Tourists with passport from South Asian Association for Regional Cooperation (SAARC) nations aren't required to pay visa fee for 30 days. 
Chinese Tourists
New government regulation ensures on-arrival visa for all Chinese Citizens in Nepal.
Payment in hotels, trekking/travel agencies, and airlines are made in foreign exchange. Most of the International Cards  including Visa Card, Master Card, JCB, Maestro, Americal Express etc. are widely accepted by hotels, restaurants and leading travel/trekking agents. The receipts may be needed to change left-over Nepalese Rupees into hard currency before leaving the country. However, only 10 percent of the total amount may be converted by the bank. ATM and Debit cards are widely in use in major cities such as Kathmandu, Pokhara, Chitwan, Lumbini etc. 
Nepalese Rupees are found in denominations of 1000, 500, 100, 50, 20, 10, 5, 2 and 1. One rupee equals 100 paisa. The rate regularly fluctuates and is fixed and published by Nepal Rastra Bank every other day.
For Current Exchange rate, Please click here  (Official link).
Nepal basically has four seasons: Spring (March-May), Summer (June-August), Autumn (September-November) and Winter (December-February).
However, owing to its varied geography, weather conditions of Nepal vary from one place to another. The higher you give up north, it tends to be cooler whereas the deeper the south you go the hotter it is comparatively. 
In the hilly and Himalayan regions, summers are cool and balmy and winters are severe, while in tropical plains of the Terai in the south, summers are tropical and winters are mild. The temperatures in the valleys  of Kathmandu and Pokhara tend to be pleasant with average summer and winter temperatures. 
The temperature ranges from below zero to 25 degrees in the Hills and Himalayas where as it can reach up to 35 degrees in flat lands of Terai. 
The monsoon rain fall occurs during the summer. The average annual rainfall is 1,600 mm, but it varies by eco-climatic zones. Travelling in Nepal is possible throughout the year. 
There are multitudes of trekking areas you can visit in Nepal throughout the year. Nevertheless, the best time to do trekking are during spring and autumn. These are also the seasons when many of the biggest festivals of Nepal are observed.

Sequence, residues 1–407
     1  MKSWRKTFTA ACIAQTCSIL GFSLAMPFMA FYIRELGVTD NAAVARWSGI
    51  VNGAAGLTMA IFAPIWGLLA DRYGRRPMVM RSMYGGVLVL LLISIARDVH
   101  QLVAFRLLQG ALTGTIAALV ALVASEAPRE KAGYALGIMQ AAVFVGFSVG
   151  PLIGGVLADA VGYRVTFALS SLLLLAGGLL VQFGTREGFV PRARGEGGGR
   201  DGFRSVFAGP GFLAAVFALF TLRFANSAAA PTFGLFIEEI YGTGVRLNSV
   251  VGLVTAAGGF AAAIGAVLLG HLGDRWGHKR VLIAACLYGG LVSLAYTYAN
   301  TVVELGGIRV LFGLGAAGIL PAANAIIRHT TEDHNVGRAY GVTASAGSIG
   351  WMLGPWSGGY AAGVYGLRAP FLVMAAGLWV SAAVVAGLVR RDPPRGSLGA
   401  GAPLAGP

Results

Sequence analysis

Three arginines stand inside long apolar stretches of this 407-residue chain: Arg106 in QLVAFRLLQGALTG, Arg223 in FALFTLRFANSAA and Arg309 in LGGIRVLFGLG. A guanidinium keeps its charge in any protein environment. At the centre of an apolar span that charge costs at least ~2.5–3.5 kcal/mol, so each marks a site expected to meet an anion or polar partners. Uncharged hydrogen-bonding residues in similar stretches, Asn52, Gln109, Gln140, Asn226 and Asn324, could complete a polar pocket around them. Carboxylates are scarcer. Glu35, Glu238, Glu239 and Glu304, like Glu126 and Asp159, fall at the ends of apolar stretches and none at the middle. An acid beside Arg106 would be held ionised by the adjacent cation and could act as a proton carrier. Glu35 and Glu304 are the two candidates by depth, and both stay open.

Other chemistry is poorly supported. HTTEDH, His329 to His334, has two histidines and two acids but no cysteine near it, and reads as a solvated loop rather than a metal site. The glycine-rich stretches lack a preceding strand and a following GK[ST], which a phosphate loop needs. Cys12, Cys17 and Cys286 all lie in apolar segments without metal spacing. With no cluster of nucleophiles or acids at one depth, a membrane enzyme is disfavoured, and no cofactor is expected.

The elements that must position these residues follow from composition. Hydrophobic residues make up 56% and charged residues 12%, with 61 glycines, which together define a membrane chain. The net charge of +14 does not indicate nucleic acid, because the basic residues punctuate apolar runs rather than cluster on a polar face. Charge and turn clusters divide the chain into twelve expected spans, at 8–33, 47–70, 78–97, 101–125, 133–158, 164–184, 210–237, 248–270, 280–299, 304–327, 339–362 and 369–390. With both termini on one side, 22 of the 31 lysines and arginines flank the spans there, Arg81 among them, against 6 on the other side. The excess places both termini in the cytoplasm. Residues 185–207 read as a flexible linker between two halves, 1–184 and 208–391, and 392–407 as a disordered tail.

In Nepal 33 peaks with an elevation ranging from 5500m to 6600m have been designated as trekking peaks. Some of the trekking peaks are technically difficult and some are easy to climb. We organize trek and peak climbing on 27 peaks (please see the list below) which are located in the Khumbu, Langtang, Annapurna and Manang regions. We provide all necessary camping equipment, experienced climbing guides, Sherpas, porters and arrange for necessary climbing permits from NMA. 
Trekking Peaks 
Group A NMA (Nepal Mountaineering Association) Peaks
Name of the Peak Location Trip Type Duration Elevation Grade
Mt Cholatse Peak 
Khumbu Himal Lodge (teahouse)/Camping 18 Days 6440m. Challenging
Mt. Labuche West 
Khumbu Himal Lodge (teahouse)/Camping 22 Days 6145m. Challenging
Mt. Kyazo Ri
Mahalangur Camping 27 Days 6186m. Challenging
Mt. Phari Lapcha 
Mahalangur Camping 19 Days 6017m. Challenging
Mt. Nirekha
Mahalangur Camping 25 Days 6159m. Challenging
Mt. Ombigaichen Peak 
Mahalangur Camping 16 Days 6340m. Challenging
Mt. Abi Peak
Mahalangur Camping 24 Days 6097m. Challenging
Mt. Langsisa Ri
Jugal Camping 20 days 6427m. Challenging
Mt. Bokta
Kanchenjunga Camping 30 Days 6143m. Challenging
Mt. Chekigo 
Gaurishankar Camping 24 Days 6257m. Challenging
Mt. Larkya Peak 
Manaslu Lodge (teahouse)/Camping 15 Days 6010m. Challenging
Mt. Yubra Himal
Langtang Lodge (teahouse)/Camping 14 Days 6035m. Challenging
Group B NMA Peaks
Name of the Peak Location Trip Type Duration Elevation Grade
Mt. Hiuchuli
Annapurna Himal Lodge (teahouse)/Camping 21 Days 6441m. Challenging
Mt. Singu Chuli (Fluted Peak) 
Annapurna Himal Lodge (teahouse)/Camping 23 Days 6501m. Challenging
Mt Mera Peak 
Khumbu Himal Lodge (teahouse)/Camping 25 Days 6654m. Challenging
Mt. Kusum Kangru 
Khumbu Himal Lodge (teahouse)/Camping 26 Days 6367m. Challenging
Mt. Kongde Ri
Khumbu Himal Lodge (teahouse)/Camping 18 Days 6011m. Challenging
Mt. Imja Tse (Island Peak) 
Khumbu Himal Lodge (teahouse)/Camping 16 Days 6160m. Challenging
Mt. Lobuche East Peak
Khumbu Himal Lodge (teahouse)/Camping 18 Days 6119m. Challenging
Mt. Khongmo Tse (Mehra Peak) 
Khumbu Himal Lodge (teahouse)/Camping 17 Days 5849m. Challenging
Mt. Chulu West
Manang District, Gandaki Lodge (teahouse)/Camping 24 Days 6419m. Challenging